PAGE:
Suspended Archbishop Anthony Apuron has not agreed to any settlement talks as he expects a decision in the ongoing canonical trial as soon as this summer, according to his attorney, Jacqueline Terlaje.
"I've received word that there may be a decision forthcoming but it's always prospective," she said.
Terlaje's announcement came as the District Court of Guam held a status conference yesterday morning on cases involving the suspended leader of the island's Catholic Church.
Walter Denton, Roy Quintanilla, Roland Sondia and Doris Concepcion, on behalf of her late son Sonny Quinata, filed civil suits against Apuron, accusing him of child sex abuse when they were altar boys at the Mount Carmel Church in Agat in the 1970s.
Attorney David Lujan advised the court that he will not file any motion to stay his cases until he has received copies of the Archdiocese of Agana's insurance policy and audited financial statements stretching back to 2010.
Lujan, during a court hearing last week, indicated he might file a motion to stay as his clients consider entering into settlement talks with the Hope and Healing program.
The independently administered Hope and Healing program, organized by the Archdiocese of Agana to hear and decide on sex abuse allegations made against clergy and church staff, reported last week it aims to settle all the cases currently pending in local and federal courts by Sept. 1.
Progress on those settlement negotiations seemed good when Lujan announced his clients' intentions to hear Hope and Healing's offer, but negotiations appear at a standstill now unless Lujan receives the requested documents.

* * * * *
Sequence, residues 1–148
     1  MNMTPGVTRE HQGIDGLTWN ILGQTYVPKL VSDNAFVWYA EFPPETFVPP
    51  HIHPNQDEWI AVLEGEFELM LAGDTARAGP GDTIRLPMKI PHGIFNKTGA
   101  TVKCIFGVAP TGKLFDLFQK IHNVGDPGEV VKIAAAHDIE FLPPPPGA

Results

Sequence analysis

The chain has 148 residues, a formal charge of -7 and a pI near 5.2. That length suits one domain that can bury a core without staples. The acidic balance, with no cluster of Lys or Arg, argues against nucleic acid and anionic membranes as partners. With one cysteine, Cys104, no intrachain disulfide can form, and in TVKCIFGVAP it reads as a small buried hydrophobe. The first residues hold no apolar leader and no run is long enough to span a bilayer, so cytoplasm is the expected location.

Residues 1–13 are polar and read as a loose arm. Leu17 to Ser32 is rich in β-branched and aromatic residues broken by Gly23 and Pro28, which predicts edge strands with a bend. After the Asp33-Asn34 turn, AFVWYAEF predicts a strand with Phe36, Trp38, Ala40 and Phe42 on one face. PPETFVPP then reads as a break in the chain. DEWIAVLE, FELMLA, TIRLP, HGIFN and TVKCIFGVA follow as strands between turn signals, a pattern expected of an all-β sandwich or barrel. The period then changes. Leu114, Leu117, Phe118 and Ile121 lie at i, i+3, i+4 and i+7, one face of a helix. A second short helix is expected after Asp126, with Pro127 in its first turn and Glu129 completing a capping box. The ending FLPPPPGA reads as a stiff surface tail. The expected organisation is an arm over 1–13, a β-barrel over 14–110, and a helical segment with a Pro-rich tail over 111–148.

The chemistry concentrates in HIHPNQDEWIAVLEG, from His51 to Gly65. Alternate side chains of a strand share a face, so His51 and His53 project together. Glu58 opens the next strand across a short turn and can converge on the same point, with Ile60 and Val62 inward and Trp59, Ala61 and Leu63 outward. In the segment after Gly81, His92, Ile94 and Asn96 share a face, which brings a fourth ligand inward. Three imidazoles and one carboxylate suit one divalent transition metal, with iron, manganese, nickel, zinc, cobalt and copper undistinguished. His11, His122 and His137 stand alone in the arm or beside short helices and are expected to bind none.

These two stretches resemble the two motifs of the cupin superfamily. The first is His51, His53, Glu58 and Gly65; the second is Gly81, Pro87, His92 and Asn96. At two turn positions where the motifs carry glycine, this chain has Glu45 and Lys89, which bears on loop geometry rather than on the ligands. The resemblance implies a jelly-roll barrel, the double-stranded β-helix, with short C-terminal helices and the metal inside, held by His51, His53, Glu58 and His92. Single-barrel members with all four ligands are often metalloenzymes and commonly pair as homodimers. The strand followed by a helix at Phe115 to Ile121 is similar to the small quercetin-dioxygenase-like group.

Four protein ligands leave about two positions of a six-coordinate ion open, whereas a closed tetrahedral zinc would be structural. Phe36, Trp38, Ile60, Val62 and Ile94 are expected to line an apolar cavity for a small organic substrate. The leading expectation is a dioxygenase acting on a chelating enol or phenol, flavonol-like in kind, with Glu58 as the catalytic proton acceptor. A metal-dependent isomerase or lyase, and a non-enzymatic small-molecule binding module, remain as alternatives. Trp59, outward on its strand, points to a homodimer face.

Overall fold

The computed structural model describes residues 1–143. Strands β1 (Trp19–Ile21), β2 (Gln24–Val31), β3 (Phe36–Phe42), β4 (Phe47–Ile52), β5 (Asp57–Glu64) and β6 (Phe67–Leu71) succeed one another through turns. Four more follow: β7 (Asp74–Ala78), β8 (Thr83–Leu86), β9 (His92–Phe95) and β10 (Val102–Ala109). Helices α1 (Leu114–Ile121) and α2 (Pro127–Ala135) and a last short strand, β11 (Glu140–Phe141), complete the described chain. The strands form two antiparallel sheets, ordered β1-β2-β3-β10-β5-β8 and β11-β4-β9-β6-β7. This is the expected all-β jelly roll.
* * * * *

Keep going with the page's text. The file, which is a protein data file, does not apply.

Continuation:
'Not considering a settlement'
Speaking on behalf of Apuron, Terlaje stated her client has not yet agreed to enter into settlement talks.
"My client is not considering a settlement until a decision is reached (in his canonical trial)," she said.
As the court listened to yesterday morning's proceedings and a brief sidebar discussion with parties, Magistrate Judge Joaquin Manibusan Jr. agreed that it is important for the plaintiffs to receive the documents pertaining to the church's financials, including the church's insurance policy coverage.
Manibusan also stated that, in an effort not to "rush into things," he wanted to wait on the results of the canonical trial before deciding what direction to take with the cases against Apuron, as the court and parties may be able to utilize the decision reached in the Vatican courts.
As such, the judge ordered a continued abeyance on the dozens of other civil suits filed by Lujan on behalf of his clients, with the exception of the cases involving Apuron, which the court will convene a status hearing on in July.
Whatever verdict does come out of the Vatican, Lujan told the media it would not affect either his pursuit of damages for his clients or the terms of any settlement talks out of court.